Funding Available for Environmental Justice Community Impact Grants

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Posted: Sunday, April 22, 2018 8:19 pm

ALBANY, N.Y. -- Governor Andrew Cuomo announced approximately $4.5 million in Community Impact Grant funding is available to support communities across New York that are disproportionately impacted by pollution and toxins. Community Impact Grants provide community-based organizations with funding for projects that address various environmental and public health concerns, with a particular focus on low-income and minority communities historically burdened by environmental problems.

"All New Yorkers deserve to live in a safe, healthy environment and these grants help to ensure that families and communities across the state, regardless of socioeconomic status, are given the support they need to implement green projects," said Governor Cuomo. "New York will continue to lead the nation in environmental initiatives that protect New Yorkers and the planet, creating a cleaner and greener future for all."

Community Impact Grants, a critical component of Governor Cuomo's aggressive Environmental Justice agenda, are funded through the state's Environmental Protection Fund and administered by the Department of Environmental Conservation's Office of Environmental Justice. Funded projects include targeted research, community gardens, tree plantings, education and curriculum development, urban farming training, habitat restoration, as well as water and air quality monitoring. Since 2006, more than $5 million has been distributed for 145 Environmental Justice projects statewide.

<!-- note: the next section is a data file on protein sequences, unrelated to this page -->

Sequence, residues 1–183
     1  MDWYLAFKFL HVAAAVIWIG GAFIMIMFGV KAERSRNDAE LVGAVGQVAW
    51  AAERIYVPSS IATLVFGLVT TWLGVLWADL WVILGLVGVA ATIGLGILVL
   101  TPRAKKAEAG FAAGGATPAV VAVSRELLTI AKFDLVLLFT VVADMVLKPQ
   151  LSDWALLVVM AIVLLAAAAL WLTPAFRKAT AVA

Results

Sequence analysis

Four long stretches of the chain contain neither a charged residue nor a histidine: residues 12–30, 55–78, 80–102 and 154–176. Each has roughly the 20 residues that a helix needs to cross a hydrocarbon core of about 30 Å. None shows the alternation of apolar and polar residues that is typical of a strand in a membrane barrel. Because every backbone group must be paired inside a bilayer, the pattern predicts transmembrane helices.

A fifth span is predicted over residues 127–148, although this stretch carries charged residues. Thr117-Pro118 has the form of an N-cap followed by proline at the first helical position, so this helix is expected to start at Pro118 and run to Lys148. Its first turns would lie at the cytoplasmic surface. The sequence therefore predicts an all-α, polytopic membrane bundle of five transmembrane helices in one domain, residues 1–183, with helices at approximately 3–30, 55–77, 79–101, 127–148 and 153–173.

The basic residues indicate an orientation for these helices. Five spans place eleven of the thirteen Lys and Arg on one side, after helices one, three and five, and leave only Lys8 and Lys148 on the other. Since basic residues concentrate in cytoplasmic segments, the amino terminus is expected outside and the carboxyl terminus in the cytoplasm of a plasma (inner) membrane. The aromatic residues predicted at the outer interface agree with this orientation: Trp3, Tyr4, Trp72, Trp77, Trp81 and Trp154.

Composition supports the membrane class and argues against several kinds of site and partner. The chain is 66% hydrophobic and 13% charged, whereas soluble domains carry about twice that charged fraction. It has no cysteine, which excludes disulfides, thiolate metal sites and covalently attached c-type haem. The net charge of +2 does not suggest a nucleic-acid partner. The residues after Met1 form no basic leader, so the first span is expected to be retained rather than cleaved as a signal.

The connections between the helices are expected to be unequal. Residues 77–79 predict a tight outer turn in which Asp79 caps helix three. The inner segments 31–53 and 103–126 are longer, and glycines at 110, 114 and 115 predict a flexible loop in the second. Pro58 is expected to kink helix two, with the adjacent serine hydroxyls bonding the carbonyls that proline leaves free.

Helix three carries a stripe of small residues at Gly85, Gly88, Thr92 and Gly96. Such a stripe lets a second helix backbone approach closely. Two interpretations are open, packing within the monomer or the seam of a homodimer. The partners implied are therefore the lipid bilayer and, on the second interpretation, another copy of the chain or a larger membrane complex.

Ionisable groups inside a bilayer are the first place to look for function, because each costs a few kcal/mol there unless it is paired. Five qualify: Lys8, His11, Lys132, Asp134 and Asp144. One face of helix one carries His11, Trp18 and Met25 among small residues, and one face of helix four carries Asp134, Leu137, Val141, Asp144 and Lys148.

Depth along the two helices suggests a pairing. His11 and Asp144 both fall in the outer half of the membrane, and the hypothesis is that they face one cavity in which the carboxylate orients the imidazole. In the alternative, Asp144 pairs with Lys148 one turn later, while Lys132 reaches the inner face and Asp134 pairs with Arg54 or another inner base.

Funding will be distributed to communities around the state, and for the first time in the program's history, interested organizations can request up to $100,000 for proposed projects. Not-for-profit community-based organizations are eligible to apply for Community Impact Grants to work on projects that address environmental and public health concerns of residents in impacted neighborhoods. Projects must address a community's exposure to multiple harms and risks and include a research component that will be used to expand the knowledge of the affected community.

Organizations must have their have their primary office located in the affected community, serve the residents of an area equal to or smaller than a town or city outside of New York City, or an area equal to or smaller than one of the five boroughs within New York City, and must address environmental or public health issues of the residents of the affected community.

SOURCE: Office of Governor Andrew Cuomo

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